Tailgating Accessories and Tips

Gators 13-LSU 3

Following a college football team offers so many opportunities for wholesome family fun. Some of our happiest family memories are set on Norman Field, in Gainesville, tailgating before a Florida Gator football game. For away games, we all crowd together in our living room, cheering, moaning, eating and chasing the babies away from in front of the TV. As was often said in our small town local newspaper coverage of each neighborhood, “A good time was had by all.”

There are also creative opportunities to pursue in the sewing room. The pictured embroidered terry cloth is actually a Martha Stewart dish cloth, repurposed as a tailgating napkin. When I see items in our team colors, I usually buy up everything on the shelf. So our tailgating box has a huge stack of these napkins, embroidered with a free “hungry gator” design offered many, many years ago, and text that names all SEC opponents and various other teams against whom our team has played. The opponent’s name on the napkin instigates a lot of  “Remember LSU 2008? 51-21 Gators! Wasn’t that a great game?”

 

note wash station on left, at tree

When we have messy food, such as barbecued ribs, a paper napkin just won’t do the job. Wet, these napkins, are much more effective against sticky foods. There is some distance to the bathrooms and running water, so we always take several jugs of water, some with liquid detergent added. I wrap a piece of elastic around a tree, tuck in several Gator hand towels and hang a bar of soap from a ribbon.   This gives everyone, most importantly the cooks, easy opportunity to wash hands before preparing food.

Much has been said, in this blog and in sports news, about the importance of football in the South. Weddings and vacations are often timed to work around the game schedule.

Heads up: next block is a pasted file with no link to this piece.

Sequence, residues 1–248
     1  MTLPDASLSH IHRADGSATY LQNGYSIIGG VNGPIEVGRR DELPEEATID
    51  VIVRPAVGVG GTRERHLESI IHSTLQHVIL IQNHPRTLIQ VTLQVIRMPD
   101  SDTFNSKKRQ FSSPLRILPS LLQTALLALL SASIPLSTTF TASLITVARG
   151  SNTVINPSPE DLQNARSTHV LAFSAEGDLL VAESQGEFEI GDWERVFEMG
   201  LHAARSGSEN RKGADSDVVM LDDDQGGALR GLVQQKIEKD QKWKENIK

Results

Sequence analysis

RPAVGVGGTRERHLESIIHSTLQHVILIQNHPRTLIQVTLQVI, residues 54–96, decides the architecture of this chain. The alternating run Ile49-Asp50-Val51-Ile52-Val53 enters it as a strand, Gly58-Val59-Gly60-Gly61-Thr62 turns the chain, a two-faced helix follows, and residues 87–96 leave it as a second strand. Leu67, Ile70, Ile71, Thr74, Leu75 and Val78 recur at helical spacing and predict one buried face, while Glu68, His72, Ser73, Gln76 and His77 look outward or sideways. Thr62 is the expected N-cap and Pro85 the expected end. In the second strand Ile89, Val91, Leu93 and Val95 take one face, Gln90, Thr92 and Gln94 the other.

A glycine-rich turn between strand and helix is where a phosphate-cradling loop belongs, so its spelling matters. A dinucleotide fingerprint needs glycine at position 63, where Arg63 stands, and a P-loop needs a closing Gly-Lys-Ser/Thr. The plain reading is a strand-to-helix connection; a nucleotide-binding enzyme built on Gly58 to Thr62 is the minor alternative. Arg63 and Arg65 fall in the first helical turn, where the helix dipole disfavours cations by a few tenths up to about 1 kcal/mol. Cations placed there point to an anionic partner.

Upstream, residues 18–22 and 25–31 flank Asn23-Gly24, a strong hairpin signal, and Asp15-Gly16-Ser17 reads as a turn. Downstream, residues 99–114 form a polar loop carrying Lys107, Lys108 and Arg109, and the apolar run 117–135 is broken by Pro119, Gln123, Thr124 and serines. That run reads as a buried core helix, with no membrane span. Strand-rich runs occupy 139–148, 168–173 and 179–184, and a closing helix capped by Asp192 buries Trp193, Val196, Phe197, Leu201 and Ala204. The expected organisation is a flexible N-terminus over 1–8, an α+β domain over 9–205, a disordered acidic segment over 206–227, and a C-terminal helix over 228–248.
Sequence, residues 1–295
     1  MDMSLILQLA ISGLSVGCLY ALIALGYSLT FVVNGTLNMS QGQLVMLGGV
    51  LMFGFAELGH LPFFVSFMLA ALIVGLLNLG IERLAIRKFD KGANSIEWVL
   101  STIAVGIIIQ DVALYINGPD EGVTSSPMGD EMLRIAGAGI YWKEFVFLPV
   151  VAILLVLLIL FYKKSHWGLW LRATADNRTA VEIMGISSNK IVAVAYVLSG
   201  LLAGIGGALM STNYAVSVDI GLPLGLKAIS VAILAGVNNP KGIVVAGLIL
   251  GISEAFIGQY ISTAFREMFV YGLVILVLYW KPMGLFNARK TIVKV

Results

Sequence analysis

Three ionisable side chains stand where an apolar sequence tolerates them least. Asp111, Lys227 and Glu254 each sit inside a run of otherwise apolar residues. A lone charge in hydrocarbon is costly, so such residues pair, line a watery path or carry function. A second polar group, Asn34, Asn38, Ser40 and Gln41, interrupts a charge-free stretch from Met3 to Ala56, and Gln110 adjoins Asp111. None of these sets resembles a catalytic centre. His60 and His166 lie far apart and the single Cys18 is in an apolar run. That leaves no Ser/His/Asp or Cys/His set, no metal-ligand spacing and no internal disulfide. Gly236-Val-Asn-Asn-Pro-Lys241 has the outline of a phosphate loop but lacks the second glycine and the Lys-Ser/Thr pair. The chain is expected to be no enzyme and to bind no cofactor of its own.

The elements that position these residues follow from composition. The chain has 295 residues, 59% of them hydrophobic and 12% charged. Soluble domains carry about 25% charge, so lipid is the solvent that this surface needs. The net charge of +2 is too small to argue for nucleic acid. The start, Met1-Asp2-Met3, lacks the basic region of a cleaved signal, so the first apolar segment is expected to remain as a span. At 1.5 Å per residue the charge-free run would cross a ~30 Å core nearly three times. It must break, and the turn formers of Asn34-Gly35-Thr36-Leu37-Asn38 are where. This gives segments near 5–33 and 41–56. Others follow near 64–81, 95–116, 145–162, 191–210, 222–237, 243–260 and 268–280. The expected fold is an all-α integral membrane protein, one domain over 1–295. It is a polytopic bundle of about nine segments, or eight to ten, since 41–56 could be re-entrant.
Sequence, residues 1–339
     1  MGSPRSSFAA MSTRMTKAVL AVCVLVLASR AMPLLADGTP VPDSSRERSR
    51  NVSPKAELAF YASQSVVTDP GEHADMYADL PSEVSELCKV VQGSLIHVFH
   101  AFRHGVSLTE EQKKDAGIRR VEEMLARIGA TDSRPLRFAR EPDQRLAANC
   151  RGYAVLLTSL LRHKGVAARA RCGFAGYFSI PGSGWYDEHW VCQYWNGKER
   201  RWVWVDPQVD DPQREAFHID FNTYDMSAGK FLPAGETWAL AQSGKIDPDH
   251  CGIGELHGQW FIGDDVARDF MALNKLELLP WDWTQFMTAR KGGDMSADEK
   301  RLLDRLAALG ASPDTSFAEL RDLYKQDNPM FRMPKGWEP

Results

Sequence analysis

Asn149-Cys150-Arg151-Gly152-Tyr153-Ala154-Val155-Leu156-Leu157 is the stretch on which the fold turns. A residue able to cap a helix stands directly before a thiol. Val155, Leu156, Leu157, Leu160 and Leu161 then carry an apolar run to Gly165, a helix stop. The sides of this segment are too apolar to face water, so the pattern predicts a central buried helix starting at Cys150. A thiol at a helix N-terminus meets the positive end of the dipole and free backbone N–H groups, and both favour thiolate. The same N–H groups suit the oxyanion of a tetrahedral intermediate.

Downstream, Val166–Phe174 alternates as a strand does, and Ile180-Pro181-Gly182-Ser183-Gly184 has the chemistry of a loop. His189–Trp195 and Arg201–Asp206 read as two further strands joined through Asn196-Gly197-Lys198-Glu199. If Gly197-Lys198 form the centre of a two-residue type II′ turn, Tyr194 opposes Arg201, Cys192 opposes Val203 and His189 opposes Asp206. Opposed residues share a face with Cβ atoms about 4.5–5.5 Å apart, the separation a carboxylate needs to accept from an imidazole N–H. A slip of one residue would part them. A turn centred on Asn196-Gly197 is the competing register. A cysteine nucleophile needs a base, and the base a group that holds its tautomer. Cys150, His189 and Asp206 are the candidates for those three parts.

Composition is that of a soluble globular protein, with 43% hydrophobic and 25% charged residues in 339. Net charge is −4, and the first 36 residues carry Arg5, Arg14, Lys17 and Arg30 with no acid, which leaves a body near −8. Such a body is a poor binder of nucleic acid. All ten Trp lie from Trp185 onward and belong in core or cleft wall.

My friend Judy has a family full of mixed marriages. She, her husband and son all graduated from Tennessee. One U of Georgia daughter married to a Florida Gator while the other Georgia daughter married another Bulldog. Each man of the family has a team dress vest, worn under their coats to weddings.

At the reception, the coats come off and you can see a man’s “true colors.” Her second daughter’s wedding was scheduled so that the family could watch the Tennessee game before the wedding and would be home in time for the Georgia game.

My daughter’s 6 p.m. wedding was scheduled for the day of an away game, with kick off at 8:00. Adjacent to the reception tent, a football tent was set up with a TV. One guest went through the buffet line and set himself up in front of the TV before kick off. He was soon joined by another fan.

By the second half, you will see that the tent is full, with men, children (that’s my 14 month old blond grandson in pajamas in front of the tv) and even some of the wait staff. The groom himself is at the far right in the back. In spite of the disappointing loss to Auburn–the season’s ONLY loss– a good time was had by all, at least until the third quarter was over.

2 responses to “Tailgating Accessories and Tips

  1. I have to thank you for not making me look at the Tennessee napkin! For your readers who are not from The South–SEC football is another religion!! haha
    And yes, your tailgaiting events are the best! Even for the opposing team fans.

  2. Aw, Judy, I wouldn’t do that to you after that tough Florida/Tennessee game! But I hope none of my LSU friends were offended–Barbara, Lauralee, Bobbie Lee or Linda. All the Gators enjoyed having you tailgate with us and were pleased when I shared your comments with them. You were so surprised to find out that Gators even go to church, help their neighbors and are hospitable to visiting fans. But the Tennessee fans, you and Brent especially, were very gracious to us when we were at Nyland Stadium for the next Fl/TN game. I’m glad we share two religions—Christianity and SEC football.
    Janice

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